Testing has begun of a new gas pipeline between Norway and the UK, which will provide 20% of Britain's peak gas demand by the end of 2007.
The UK is reliant on imports for much of its gas supplies
The first commercial deliveries of gas through the 750-mile Langeled pipeline, whose British terminal is located in East Yorkshire, will begin next month.
Its completion and December's opening of a pipeline from the Netherlands has eased fears of shortages this winter.
Wholesale prices quadrupled last winter amid soaring demand for gas.
This followed a fire at the UK's main gas storage facility and colder than usual weather in November and March.
With prices having risen 250% over the past three years, the National Grid, suppliers such as Centrica and regulators are keenly aware of the likely pressure on supplies if this winter is similarly cold.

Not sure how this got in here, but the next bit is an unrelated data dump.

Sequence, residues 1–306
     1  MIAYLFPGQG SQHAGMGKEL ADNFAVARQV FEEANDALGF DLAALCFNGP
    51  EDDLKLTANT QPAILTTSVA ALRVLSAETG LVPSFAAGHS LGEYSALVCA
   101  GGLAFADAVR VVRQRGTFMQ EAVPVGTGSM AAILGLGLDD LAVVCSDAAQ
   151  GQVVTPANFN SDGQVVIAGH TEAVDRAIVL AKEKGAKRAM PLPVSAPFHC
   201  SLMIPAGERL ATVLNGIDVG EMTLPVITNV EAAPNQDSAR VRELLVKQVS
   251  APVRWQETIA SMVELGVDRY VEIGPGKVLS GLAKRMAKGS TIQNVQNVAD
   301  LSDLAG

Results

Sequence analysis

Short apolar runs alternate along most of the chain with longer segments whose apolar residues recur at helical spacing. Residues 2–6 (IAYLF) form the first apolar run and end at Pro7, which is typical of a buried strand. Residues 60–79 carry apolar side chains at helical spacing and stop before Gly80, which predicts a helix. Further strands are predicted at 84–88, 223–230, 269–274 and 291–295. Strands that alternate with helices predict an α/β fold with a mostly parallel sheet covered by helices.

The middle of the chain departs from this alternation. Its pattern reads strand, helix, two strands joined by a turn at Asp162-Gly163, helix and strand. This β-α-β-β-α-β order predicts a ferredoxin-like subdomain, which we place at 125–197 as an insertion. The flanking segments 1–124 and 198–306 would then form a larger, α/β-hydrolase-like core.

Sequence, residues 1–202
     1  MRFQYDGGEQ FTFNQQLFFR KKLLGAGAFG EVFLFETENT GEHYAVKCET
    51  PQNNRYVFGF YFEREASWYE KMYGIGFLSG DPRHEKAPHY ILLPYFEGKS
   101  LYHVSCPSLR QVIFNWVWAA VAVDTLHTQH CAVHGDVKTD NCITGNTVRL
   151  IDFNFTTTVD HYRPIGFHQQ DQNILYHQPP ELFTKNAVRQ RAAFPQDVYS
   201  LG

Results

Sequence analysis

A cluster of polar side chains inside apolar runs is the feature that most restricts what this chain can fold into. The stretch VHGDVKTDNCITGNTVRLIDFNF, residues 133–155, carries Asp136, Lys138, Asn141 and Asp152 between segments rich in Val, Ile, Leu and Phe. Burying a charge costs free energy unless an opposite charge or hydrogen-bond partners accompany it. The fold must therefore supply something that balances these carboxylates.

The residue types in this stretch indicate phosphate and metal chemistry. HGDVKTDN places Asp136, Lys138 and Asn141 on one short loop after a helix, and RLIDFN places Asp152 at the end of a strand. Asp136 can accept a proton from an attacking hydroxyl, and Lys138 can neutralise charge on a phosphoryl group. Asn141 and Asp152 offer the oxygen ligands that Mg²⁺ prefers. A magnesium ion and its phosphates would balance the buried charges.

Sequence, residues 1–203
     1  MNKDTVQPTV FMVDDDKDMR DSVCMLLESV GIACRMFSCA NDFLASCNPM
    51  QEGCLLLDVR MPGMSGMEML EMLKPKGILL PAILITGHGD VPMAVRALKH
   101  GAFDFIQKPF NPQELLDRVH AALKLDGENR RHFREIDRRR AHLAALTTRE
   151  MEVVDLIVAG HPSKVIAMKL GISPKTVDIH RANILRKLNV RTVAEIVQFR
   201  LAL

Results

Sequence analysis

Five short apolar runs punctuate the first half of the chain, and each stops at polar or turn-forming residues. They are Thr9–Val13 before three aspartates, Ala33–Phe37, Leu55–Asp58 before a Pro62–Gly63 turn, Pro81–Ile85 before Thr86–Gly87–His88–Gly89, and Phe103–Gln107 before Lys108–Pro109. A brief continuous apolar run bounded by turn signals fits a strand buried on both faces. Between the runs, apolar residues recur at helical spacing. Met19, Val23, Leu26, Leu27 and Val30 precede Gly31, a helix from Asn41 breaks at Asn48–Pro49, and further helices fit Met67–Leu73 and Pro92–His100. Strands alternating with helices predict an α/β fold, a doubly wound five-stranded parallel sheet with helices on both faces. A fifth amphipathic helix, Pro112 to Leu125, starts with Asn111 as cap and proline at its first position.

Regulator Ofgem has warned that supplies to intensive energy users could be disrupted if temperatures plummet this winter even though new supplies becoming available could boost overall capacity by 10%.
The Langeled pipeline will pump gas from northern Norway to Easington, where it will enter the National Grid's transmission network.
The £1.7bn project has been backed by Centrica and energy giants Statoil, Norsk Hydro, Royal DutchShell, ConocoPhillips.
Once the Ormen Lange field off northern Norway becomes operational next year, a major new supply of gas will become available to the UK.
"This could be the start of the UK turning the corner in terms of gas supplies," a Centrica spokesman said.
Supplies via the interconnector - a strategic gas pipeline linking the UK and Belgium - are also set to expand from 48 million to 63 million cubic metres a day later this year.
Claims that the interconnector was not operating at full capacity last winter and that European energy firms were limiting export supplies in order to force up prices caused fierce controversy.